KAGAN: The first newsletter was dated November 10th 1969. In October cable had made the front page of the big city papers because the FCC ruled that cable had the right to originate its own programming. This was an interesting thing because the FCC chairman was from Utah and the only company who could supply origination programming equipment was Telemation in Salt Lake City. The FCC didn’t force cable operators into it, but it encouraged them to buy cameras and to have some kind of programming. Until then, their only original programs were clocks and thermometers…
In October 1969, it was an indication that cable was going to be somebody someday. It could be the old “On the Waterfront” line: Cable could be a contender. It wasn’t the avenue that was going to work, but it was like wake up, cable is here. I started my first letter at that time, that was the first story. But I remember the second story almost better because it was the first conference I ever went to about cable. I’d been to the national convention in 1968, but the first seminar I ever attended was a Practicing Law Institute meeting in the fall of 1969 and Henry Geller was then the counsel to the FCC and he was railing against cable because he was always pro-broadcasting. Henry never wanted to be thought of as the foe. But that’s how he looked to cable operators. There was always a foe in those days for the industry and the FCC had done much to slow down cable progress. He was talking about cable in its place and broadcasting in its place, and I got up and asked the question, “If this medium has such a capacity to get into people’s homes with so many channels, why shouldn’t it be of interest to the largest corporations in the country? Why shouldn’t the large retail companies, the store chains, be interested in using this medium as a way to augment their newspaper advertising, radio advertising, TV advertising?” Nobody could answer the question.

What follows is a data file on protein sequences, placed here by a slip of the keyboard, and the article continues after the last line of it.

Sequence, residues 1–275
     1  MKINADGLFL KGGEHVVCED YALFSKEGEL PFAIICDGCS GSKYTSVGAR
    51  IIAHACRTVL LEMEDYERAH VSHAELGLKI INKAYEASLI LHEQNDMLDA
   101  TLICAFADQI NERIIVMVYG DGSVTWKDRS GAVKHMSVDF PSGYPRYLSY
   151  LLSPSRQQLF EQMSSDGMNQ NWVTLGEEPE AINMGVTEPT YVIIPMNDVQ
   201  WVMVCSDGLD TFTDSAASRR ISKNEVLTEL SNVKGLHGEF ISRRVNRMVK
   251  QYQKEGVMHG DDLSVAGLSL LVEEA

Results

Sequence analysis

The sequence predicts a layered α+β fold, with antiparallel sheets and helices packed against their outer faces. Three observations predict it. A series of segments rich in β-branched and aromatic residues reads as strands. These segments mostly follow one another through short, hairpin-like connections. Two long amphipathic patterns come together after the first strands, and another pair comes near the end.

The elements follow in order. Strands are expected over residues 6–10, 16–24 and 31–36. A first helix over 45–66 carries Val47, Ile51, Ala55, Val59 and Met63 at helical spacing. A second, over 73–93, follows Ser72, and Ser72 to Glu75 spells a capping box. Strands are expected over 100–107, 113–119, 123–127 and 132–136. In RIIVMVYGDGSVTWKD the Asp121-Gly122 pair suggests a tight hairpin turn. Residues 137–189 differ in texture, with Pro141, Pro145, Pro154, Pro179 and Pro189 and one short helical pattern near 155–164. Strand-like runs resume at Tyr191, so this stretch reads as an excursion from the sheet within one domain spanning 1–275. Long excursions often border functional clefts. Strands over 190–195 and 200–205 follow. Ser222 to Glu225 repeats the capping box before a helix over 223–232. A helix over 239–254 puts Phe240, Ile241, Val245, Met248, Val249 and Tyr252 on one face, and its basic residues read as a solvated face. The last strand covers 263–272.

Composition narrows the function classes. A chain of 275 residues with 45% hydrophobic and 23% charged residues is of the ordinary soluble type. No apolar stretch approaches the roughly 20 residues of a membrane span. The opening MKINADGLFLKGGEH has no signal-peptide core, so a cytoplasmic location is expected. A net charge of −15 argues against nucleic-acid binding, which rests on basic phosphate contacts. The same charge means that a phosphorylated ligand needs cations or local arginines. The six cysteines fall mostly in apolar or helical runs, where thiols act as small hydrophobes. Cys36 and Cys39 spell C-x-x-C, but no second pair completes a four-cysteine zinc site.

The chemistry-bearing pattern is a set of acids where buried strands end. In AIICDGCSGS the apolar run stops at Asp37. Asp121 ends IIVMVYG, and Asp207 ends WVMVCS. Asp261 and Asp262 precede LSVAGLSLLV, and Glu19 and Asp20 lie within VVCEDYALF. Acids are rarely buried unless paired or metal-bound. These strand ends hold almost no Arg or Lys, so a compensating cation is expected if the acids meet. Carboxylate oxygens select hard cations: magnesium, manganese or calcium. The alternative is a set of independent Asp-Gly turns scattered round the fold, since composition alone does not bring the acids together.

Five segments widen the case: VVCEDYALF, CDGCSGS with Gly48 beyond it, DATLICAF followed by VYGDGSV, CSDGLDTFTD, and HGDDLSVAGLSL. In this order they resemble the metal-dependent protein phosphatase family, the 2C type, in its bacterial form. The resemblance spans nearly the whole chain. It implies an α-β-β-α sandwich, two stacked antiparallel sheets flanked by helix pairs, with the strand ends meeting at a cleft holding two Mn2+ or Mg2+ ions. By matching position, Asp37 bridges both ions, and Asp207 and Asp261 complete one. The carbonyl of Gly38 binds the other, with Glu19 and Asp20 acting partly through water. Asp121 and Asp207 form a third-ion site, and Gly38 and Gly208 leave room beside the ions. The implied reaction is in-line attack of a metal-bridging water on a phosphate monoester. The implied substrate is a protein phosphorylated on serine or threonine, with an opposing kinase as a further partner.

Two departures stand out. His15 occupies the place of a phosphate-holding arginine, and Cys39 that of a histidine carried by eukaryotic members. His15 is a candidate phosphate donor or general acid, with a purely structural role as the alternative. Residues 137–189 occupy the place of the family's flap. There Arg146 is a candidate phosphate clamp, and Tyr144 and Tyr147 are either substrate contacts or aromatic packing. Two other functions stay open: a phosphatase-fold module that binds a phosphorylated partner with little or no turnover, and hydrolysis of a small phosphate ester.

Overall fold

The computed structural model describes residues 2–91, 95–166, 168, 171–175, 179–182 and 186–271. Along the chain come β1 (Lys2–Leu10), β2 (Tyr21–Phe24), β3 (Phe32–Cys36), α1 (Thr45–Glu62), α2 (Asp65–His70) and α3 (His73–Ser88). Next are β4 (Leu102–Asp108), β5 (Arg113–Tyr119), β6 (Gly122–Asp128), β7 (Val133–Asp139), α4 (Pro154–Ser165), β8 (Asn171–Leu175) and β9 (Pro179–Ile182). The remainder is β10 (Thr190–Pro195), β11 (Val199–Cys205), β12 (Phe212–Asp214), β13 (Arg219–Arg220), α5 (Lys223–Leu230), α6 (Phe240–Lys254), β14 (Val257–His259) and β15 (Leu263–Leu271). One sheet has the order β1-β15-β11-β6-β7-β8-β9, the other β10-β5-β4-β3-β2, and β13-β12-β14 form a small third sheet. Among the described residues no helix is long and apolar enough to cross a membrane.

KELLER: There was a problem there with copyright at that point too, whether we paid for copyright or not.
KAGAN: Well there were rules that people worried about. Government regulation was a major part of that. But the real problem was financial. As I had had the problem at EF. Hutton, the bottom lines weren’t there. They couldn’t make any money the way people knew money could be made. Large corporations were afraid to acquire them or be interested in them because they didn’t make a profit, so it would dilute their earnings and they didn’t want any part of that. They had no idea that it was going to be 70 million households and how many channels and what a great opportunity it would be. They never got over that problem.